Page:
Seven key insights from RightsCon 2018

Branka Marijan Featured 0 Comments

And the inevitable questions

RightsCon, one of the world’s largest annual meetings of digital rights activists, was held in Toronto from May 16-18. Access Now, which organized the conference, decided to hold this year’s event in Toronto instead of San Francisco, partly because of visa restrictions in the United States, but also because of Toronto’s growing reputation as a tech hub. Three days with 450 sessions offered a host of important insights on the human-rights implications of emerging technologies.

Published in The Ploughshares Monitor Volume 39 Issue 2 Summer 2018 by Branka Marijan

Here are seven key insights I gained from panels on phone surveillance, cybersecurity governance, robot wars, and Canada’s position on human rights and artificial intelligence (AI).

1. Computers don’t make logical, unbiased decisions.

As the experts showed, bias becomes embedded in computer models. Bias can be intentional: the writer of code deliberately includes skewed perspectives. Or unintentional: the machine-learning system reproduces bias in the data. As these systems are trained on historical data, the continued presence of bias is no surprise.
One machine-learning system was provided with information from newspapers to make associations. Thus, it learned that “man” is to “doctor” as “woman” is to “nurse.”
And, computer systems make errors. These errors impact the decisions made by the system. Bottom line: computer systems are not infallible.

2. Context matters when using data.

Tech companies collect an incredible amount of information about users on their platforms or in their applications. Some, such as Facebook, also track the user’s activity on other websites to offer more targeted advertising. Now, fear is growing that data collected in one sector of activity will be used in another.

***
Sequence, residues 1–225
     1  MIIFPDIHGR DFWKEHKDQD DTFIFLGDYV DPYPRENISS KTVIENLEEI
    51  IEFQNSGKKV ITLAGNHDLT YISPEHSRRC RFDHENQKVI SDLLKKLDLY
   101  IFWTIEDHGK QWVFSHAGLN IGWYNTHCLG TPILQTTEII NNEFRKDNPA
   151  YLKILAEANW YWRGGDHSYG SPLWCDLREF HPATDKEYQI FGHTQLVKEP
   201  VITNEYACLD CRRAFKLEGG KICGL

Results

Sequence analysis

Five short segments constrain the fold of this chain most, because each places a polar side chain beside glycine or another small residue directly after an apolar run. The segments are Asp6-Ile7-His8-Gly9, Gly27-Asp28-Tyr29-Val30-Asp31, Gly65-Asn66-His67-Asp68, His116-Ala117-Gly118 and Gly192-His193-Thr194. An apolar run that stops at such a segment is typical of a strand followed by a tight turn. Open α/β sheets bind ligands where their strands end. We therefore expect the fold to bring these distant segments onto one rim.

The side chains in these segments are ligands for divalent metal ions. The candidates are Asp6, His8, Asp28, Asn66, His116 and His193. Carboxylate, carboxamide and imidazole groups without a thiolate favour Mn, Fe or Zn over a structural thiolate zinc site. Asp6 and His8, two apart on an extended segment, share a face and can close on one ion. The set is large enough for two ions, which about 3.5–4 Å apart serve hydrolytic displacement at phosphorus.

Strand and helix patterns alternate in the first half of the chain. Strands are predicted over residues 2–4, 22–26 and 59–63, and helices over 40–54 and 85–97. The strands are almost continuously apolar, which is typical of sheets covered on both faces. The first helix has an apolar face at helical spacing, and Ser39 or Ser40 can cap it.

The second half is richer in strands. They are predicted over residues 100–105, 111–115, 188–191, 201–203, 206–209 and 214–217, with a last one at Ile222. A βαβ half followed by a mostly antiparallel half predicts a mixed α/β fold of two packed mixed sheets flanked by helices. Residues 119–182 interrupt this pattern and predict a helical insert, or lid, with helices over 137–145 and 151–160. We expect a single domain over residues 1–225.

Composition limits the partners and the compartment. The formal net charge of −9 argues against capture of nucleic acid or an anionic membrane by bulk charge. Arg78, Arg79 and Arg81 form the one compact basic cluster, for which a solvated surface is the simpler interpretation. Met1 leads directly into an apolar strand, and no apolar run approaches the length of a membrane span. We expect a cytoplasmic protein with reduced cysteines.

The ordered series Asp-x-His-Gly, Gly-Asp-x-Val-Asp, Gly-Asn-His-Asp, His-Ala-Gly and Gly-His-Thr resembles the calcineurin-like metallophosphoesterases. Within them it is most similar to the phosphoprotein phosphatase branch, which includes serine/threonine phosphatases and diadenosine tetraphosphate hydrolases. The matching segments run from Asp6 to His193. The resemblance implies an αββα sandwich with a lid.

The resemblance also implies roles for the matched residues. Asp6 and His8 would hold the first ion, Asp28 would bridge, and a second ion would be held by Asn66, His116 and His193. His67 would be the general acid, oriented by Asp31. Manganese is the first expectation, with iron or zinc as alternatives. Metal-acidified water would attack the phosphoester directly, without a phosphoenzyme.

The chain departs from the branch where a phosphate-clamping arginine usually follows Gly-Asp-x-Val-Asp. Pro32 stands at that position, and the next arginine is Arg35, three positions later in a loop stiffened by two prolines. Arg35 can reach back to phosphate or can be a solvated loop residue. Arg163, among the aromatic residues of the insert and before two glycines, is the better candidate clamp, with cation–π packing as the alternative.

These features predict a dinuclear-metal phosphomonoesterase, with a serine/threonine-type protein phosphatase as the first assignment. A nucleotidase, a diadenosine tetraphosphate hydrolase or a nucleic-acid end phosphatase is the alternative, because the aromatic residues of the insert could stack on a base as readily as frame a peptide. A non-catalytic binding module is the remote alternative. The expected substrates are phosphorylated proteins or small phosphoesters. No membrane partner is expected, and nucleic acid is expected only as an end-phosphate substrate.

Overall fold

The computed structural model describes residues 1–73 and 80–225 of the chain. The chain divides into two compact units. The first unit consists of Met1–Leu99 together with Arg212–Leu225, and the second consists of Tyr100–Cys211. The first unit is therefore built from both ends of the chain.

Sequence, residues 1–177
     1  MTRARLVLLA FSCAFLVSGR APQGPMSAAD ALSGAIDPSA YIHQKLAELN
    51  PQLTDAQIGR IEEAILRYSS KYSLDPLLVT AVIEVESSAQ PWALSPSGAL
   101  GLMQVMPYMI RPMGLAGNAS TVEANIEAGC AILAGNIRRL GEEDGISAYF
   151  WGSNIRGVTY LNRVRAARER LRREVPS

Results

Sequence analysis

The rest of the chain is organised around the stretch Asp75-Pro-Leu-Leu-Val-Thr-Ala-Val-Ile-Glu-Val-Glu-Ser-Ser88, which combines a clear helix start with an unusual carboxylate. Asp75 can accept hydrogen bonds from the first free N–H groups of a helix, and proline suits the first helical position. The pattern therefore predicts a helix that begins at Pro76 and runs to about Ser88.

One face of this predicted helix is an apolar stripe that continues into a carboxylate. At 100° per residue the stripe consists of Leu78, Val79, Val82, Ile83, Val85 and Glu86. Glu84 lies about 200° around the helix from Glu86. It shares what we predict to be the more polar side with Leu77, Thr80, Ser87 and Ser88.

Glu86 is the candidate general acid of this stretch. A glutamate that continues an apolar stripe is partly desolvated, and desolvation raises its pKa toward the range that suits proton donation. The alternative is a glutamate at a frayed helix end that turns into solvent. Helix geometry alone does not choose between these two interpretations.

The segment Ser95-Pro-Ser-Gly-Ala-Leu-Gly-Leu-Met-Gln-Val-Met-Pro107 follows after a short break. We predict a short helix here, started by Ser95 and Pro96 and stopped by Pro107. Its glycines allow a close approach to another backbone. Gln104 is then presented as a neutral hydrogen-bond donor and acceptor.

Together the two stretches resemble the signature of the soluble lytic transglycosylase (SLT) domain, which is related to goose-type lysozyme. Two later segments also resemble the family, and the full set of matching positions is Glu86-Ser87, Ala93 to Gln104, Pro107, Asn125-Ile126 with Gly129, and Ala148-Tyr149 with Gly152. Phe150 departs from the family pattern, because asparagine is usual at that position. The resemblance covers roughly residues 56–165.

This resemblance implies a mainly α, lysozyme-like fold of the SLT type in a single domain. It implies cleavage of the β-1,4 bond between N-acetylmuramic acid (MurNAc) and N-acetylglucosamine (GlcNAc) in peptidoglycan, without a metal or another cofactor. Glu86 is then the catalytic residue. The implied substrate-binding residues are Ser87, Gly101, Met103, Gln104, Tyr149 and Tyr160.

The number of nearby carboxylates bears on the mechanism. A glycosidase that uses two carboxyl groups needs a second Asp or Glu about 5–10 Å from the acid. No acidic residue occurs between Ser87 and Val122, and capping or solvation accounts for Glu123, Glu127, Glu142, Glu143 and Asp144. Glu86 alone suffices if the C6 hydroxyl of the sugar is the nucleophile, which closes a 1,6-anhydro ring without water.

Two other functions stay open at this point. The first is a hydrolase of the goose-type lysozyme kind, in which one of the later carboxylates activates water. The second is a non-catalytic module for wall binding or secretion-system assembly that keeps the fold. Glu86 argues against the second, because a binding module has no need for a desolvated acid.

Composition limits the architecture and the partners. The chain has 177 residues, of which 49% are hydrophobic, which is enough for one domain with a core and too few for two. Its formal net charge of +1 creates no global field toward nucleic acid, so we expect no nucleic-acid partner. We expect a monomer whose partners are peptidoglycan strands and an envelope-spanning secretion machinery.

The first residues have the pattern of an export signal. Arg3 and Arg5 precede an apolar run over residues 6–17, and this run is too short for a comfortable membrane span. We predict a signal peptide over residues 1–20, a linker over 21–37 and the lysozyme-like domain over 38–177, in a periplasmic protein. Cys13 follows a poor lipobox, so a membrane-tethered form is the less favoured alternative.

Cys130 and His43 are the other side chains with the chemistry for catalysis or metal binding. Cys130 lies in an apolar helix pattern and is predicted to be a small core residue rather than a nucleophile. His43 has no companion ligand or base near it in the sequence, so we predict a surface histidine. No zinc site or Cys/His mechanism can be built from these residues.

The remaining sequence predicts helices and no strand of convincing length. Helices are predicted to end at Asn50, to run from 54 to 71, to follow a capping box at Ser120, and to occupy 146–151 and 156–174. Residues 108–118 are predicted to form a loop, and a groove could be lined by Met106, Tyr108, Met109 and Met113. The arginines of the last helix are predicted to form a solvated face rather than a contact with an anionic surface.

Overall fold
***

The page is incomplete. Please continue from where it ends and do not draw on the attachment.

Google’s original motto, “Don’t be evil,” inspired trust, but do we trust Google to follow its newer motto to “do the right thing”? Like Amazon and Microsoft, Google collected personal data to give the user a more efficient experience, while also selling information to advertisers in what was claimed to be a win-win scenario. Recently, Google has been subjected to serious backlash from its own engineers for participating in a U.S. military drone-imaging project. Other tech companies are involved in military projects; Amazon and Microsoft are providing their AI systems to law enforcement.

Is data collected for one purpose now seeping into security and crime-fighting sectors? Who knows for certain?

3. Own your data.

Without individual ownership of personal data, it is hard to control what happens to the data and how it is used. Citizens should feel empowered to ask why certain data is needed and to say no to unreasonable requests for information. We all need to know what information is used by our government and other institutions in making decisions that affect us.

New rules of protection over data are now emerging. For example, telecommunication companies, such as Rogers, have privacy responsibilities to their customers and cannot provide law enforcement with data without proper authorization.

The Canadian government is developing an AI strategy that highlights human-rights concerns, with a particular focus on privacy, freedom of expression, and equity and bias.

4. Algorithmic accountability and transparency are essential.